UPDATED: November 29, 2:40 PM EST:
A day after a Somali-born Ohio State University student plowed his car into a crowd before attacking them with a butcher knife, the Islamic State’s news agency claimed responsibility for the attack, reports the New York Daily News.
The acknowledgement comes after news surfaced on Facebook about the dead18-year-old attacker, Abdul Razak Ali Artan, a logistic major who railed about “Muslims he described as belonging to “a sleeper cell, waiting for a signal,” notes the report:
If the U.S. wanted “Muslims to stop carrying lone wolf attacks, then make peace with ‘dawla in al sham,’” a term for ISIS, Artan wrote, the source told the Associated Press.
Artan specifically protested the killing of Muslims in Burma, where a UN official last week said a Muslim minority group was suffering violence tantamount to ethnic cleansing at the state’s hands.
NBC previously reported that Artan, 18, had also written on Facebook that the U.S. should stop meddling in other countries.
SOURCE: New York Daily News
Investigators Search For Motive In Ohio State University Campus Attack
Law enforcement officials say a Somali-born Ohio State University student drove a car into pedestrians on the campus Monday and then attacked them with a knife, injuring 11 people before a campus police officer fatally shot him, CNN reports.
Ohio State Police Chief Craig Stone said Abdul Razak Ali Artan, 18, drove a car over a curb and struck several people. He then got out the vehicle and continued his attack with a butcher knife. Officer Alan Horujko arrived at the scene shortly and shot Artan dead when the assailant refused to drop his weapon.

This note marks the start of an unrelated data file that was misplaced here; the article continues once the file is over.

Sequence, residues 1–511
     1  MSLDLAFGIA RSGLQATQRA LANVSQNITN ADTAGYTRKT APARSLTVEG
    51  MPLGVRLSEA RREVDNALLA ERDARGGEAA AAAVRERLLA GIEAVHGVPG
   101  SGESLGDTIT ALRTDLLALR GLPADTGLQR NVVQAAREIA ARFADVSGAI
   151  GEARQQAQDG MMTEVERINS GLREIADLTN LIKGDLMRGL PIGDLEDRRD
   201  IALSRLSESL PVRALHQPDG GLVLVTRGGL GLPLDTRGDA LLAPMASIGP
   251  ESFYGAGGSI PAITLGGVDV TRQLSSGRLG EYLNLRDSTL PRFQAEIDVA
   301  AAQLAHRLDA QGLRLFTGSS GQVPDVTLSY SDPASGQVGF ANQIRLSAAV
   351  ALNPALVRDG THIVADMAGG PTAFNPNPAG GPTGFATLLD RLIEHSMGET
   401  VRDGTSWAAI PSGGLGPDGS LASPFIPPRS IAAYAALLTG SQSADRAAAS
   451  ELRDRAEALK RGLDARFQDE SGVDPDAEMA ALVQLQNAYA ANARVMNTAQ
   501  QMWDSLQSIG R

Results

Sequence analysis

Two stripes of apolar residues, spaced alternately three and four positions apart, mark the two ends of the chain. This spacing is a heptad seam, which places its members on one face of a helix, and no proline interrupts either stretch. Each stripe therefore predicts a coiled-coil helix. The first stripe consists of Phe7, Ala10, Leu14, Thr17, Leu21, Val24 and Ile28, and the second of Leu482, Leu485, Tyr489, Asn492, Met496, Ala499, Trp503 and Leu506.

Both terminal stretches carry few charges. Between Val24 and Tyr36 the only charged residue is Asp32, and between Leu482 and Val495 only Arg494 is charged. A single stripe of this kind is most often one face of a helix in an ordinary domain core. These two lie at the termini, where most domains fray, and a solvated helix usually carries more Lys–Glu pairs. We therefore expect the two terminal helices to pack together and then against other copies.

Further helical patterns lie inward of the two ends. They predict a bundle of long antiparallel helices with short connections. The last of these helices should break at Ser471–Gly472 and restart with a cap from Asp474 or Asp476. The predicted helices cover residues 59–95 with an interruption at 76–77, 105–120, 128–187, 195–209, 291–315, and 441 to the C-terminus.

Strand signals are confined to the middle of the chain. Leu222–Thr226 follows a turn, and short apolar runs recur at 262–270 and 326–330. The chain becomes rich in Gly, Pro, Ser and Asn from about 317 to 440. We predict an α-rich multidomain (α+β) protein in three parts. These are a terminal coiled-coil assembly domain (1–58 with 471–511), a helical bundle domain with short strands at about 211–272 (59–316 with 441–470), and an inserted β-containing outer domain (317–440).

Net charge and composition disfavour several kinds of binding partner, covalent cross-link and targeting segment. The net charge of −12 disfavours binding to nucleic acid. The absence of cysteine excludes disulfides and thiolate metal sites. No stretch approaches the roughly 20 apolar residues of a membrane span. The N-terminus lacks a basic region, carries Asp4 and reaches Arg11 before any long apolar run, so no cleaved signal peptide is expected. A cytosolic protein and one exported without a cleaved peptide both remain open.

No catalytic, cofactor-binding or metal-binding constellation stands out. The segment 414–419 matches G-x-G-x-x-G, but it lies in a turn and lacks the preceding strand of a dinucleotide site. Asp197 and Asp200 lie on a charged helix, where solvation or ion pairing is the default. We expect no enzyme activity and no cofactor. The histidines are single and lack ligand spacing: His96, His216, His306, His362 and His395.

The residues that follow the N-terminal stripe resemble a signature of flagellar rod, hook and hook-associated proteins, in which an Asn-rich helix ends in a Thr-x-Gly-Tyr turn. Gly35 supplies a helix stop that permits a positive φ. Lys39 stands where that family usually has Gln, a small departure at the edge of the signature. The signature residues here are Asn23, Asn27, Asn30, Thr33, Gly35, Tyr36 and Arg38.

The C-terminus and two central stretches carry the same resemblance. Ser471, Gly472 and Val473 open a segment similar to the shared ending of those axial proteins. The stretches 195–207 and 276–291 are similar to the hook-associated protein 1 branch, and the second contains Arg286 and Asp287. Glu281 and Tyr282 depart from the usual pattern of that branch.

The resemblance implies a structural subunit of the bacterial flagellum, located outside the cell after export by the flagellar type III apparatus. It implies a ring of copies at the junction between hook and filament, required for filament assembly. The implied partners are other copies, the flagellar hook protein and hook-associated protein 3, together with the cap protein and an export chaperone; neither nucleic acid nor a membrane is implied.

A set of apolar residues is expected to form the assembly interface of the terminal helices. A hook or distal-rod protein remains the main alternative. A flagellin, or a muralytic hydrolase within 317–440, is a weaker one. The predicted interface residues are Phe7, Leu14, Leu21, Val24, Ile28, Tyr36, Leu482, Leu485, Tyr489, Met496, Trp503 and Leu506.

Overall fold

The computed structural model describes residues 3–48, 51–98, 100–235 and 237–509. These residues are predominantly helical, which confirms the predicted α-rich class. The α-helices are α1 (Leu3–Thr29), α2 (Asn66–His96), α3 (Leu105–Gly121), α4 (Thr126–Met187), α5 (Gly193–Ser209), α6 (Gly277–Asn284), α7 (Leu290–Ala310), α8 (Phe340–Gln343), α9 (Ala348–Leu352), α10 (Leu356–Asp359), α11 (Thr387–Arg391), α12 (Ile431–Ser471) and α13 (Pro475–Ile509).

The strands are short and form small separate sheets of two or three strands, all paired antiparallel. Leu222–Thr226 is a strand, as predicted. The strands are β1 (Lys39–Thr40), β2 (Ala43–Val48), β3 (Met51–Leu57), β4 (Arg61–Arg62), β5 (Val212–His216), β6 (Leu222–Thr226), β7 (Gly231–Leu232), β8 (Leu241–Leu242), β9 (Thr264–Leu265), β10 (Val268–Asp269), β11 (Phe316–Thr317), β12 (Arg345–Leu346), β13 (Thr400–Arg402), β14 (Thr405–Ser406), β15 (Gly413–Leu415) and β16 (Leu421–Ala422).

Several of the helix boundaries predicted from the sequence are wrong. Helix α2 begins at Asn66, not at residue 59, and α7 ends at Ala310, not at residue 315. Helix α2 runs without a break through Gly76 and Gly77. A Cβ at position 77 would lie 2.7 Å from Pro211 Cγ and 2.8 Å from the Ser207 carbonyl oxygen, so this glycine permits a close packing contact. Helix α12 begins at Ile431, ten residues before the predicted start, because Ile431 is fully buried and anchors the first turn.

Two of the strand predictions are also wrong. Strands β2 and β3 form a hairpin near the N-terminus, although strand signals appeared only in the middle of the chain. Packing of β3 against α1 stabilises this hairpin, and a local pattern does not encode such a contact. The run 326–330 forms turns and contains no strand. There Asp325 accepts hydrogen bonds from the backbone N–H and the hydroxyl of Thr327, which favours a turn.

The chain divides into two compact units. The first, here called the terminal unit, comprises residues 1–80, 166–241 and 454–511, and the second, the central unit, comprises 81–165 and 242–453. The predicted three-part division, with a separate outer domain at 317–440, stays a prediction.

According to NBC News, Artan posted a rant on Facebook, saying he reached a “boiling point,” referenced “lone wolf attacks,” and cited extremist cleric Anwar al-Awlaki. NBC said it was posted shortly before he went on the rampage.
He transferred this year to OSU from Columbus State Community College. In August, Artan complained in an interview with the campus newspaper, The Lantern, about negative portrayals of Muslims in media reports, according to CBS.
Artan told The Lantern that he was afraid of what someone might do to him if he’s seen praying openly.
Artan posted this Facebook message, via NBC:
“America! Stop interfering with other countries, especially Muslim Ummah [community]. We are not weak. We are not weak, remember that.”
Still, authorities are not ready to call this a terrorist attack. CNN said law enforcement officials are searching Artan’s social media footprint before drawing that conclusion.